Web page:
These are, to put it gently, unsettling times. A triple whammy confronts us: climate change, peak oil, and a global economy in a possible death spiral. With things spinning so badly out of control, it’s easy to feel daunted.
A century ago, the poet William Butler Yeats described chaos’s onset this way: “The center cannot hold.” While his words still resonate, they don’t quite capture the current crisis, whose cause lies precisely in this: The global economy has no center. It’s a system in which capital sloshes from money center to tax haven, and corporations, in the words of writer David Ehrenfeld, are “everywhere and nowhere.” The result: From the Hudson Valley to Hong Kong, people are plugged into an economic matrix that has no face and is indifferent to yours. Talk about your primal helplessness! Here we are, attached to the same global teat, the milk is slowing to a trickle, and Mama’s on crank and doesn’t care.
Is it end-game time? Yes, if we’re referring to the era of plentiful, cheap oil. But don’t assume a high-tech Dark Ages is upon us. Out of the rubble of the old, a new, postglobal economic arrangement is emerging.
This is bracing in and of itself, and there’s more good news chugging along behind it. Though still very early-stage, this transformation is picking up momentum rapidly, and it has the potential to deliver deep renewal, not just marginal survival. Raise your hands if you prefer community to consumerism, empowerment to infantilization, autonomy to anonymity! I thought so.
The seeds of this next economy are sprouting in the Hudson Valley and a thousand other places, too. Though the particulars vary from region to region, the underlying principles are the same. Focus on local—local businesses, local agriculture, and local energy. Bring heart into the economy by strengthening the networks of connection among people. Do it on a grassroots level—people power!—and do it structurally, through institutions that keep the local system thriving and resilient.
Time = Money
One such institution is the Time Bank. The concept, which was invented by lawyer Edgar Cahn close to three decades ago, is as simple as it is innovative. People volunteer their time, but instead of just giving, they also receive. For every hour of service they provide, they get an hour back. Throw a couple hundred people with a wide variety of skills into the pot, and you can get anything you want at the Time Bank restaurant, maybe including Alice.
For Woodstock resident Kristine Flones, the Time Bank was love at first listen. She first heard about the concept in late 2006 at a Newburgh presentation by Edgar Cahn. “I had an instant connection with what I heard,” she says. “Time Banks offer a paradigm shift to a different, heart-based way of living. They can take us beyond our scarcity-based money system to a culture of abundance, sustainability and, dare I say it, happiness.”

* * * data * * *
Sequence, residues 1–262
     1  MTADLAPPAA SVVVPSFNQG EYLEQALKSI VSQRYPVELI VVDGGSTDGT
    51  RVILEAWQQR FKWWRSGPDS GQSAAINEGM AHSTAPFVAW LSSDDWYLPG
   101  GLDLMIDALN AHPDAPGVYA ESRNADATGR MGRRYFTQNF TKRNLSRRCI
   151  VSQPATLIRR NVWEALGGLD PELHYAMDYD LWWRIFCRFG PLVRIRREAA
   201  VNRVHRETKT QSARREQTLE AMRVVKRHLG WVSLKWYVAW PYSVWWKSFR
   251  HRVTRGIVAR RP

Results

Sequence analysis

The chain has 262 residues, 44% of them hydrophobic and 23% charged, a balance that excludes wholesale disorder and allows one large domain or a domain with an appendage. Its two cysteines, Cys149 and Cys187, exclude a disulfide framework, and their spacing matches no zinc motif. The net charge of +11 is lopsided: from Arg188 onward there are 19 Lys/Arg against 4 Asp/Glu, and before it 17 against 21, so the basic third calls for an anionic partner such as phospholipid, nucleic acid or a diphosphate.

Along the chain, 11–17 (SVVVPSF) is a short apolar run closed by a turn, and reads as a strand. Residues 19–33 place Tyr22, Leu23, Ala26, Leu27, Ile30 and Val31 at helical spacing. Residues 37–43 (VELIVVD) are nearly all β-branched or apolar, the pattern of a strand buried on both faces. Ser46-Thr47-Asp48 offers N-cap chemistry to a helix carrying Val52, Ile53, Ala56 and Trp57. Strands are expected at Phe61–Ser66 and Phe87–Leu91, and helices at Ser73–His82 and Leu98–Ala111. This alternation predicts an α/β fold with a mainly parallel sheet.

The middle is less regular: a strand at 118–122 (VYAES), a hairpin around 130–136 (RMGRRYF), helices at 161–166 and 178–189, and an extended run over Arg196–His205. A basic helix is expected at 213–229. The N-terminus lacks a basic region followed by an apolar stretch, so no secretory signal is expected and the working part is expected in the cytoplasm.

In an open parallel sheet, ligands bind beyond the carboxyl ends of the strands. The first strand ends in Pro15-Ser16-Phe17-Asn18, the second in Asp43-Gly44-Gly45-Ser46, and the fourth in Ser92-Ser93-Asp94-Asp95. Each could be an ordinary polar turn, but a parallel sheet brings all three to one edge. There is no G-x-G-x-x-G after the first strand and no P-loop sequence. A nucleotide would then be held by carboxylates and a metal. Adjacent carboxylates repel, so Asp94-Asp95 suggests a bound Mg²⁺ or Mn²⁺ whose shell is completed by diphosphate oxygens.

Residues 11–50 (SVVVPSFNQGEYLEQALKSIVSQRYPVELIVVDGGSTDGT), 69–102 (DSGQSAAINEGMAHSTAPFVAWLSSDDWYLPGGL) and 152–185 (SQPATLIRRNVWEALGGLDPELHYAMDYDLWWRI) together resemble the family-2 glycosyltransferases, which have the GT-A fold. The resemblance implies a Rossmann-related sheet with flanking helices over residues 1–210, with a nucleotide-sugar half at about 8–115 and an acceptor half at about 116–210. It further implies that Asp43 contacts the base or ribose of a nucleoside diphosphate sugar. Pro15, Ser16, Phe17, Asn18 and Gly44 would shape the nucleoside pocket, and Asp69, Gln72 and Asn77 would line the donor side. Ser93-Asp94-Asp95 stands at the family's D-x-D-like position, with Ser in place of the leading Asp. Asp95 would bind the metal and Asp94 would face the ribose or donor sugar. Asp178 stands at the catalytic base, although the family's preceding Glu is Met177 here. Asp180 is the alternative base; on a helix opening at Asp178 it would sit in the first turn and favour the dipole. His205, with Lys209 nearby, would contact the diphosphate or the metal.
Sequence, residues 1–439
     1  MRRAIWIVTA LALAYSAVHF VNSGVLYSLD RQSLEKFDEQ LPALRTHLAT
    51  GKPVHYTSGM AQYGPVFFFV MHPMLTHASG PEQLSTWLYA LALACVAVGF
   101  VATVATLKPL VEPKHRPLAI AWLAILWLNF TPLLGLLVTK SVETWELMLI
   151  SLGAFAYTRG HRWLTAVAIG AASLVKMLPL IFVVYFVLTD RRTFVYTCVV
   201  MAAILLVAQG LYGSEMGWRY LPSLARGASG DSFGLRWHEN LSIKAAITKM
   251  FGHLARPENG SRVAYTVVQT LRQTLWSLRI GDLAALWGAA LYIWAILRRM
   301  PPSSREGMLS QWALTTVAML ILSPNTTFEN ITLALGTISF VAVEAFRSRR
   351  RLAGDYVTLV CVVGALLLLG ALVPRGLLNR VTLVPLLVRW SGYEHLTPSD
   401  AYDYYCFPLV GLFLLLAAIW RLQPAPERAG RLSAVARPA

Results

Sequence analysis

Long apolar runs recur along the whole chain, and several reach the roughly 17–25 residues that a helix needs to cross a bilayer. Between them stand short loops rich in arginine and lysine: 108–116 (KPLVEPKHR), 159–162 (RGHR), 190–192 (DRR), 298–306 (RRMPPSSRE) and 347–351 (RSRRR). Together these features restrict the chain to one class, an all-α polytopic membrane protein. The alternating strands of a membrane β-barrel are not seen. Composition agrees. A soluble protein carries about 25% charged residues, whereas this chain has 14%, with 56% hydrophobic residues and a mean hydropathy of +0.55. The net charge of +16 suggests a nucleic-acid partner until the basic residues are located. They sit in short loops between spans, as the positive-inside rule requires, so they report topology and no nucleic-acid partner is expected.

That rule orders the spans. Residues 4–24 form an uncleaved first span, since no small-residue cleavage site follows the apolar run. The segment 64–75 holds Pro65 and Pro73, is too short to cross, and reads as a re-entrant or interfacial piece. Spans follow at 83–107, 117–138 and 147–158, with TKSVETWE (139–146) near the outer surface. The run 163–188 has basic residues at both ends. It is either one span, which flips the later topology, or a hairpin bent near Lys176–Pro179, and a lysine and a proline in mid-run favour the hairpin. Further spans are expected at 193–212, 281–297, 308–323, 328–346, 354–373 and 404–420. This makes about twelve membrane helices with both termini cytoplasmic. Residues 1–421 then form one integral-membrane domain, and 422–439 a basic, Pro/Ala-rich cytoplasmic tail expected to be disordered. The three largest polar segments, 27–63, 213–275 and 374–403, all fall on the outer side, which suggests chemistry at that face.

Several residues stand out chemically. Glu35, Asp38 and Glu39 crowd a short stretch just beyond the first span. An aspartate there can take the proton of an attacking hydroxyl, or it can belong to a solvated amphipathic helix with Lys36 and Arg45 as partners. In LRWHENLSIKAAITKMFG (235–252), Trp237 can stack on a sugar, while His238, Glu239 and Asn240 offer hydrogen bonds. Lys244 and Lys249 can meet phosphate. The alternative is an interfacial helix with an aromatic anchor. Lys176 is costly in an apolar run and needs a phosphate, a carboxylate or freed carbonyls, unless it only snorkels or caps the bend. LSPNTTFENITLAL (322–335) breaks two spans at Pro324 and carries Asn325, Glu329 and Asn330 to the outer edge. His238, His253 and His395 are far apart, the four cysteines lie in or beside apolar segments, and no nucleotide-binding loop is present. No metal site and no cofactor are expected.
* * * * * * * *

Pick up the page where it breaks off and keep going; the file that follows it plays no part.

Flones was so taken by the concept that she decided to launch a Time Bank in her hometown. The rest, as they say, is history. In the roughly two years since its founding, the Woodstock Time Bank has blossomed into a thriving and rapidly-growing community of over 200 members. “We’re one of the wunderkinds of the Time Bank world,” says Flones.
Woodstock resident Harriet Kazansky speaks glowingly of the Time Bank. She has tapped into it to have (deep breath, now!) the outside of her house stained, her new kitchen plumbed, electrical work performed, rooms painted, gardening done, furniture moved, fixtures hung, a skylight repaired, and an outside water spigot installed. “Pretty much anything you can imagine, I’ve used the Time Bank for,” says Kazansky.
Heidi Washburn is another booster. A year ago, a significant birthday was approaching for the Bearsville resident. Her daughter kept pushing her to throw a big party, but it felt like too much work. Then a light went off: the Time Bank! Volunteers prepared the house—no small matter, by Washburn’s account—and cooked for and photographed the event. A nonevent became a grand success.
In addition to networking volunteers, Time Banks build community. The Woodstock Time Bank hosts regular social events, and what’s more, participating in an informal “gift economy” has its own special magic. Reports Washburn, “Volunteers helped out with my birthday party with a wonderful, generous spirit you rarely get when you’re simply hiring people.”
Time Banks are also a great resource for nonprofits. This is because charitable organizations often rely on volunteers—more so than ever during these cash-strapped times—and it’s much easier to recruit people when they know they’ll get something back, even if it’s not a paycheck. Family of Woodstock is one of several nonprofits that are partnering with the Woodstock Time Bank. “It’s been a very positive experience,” says Family’s Jess Robie.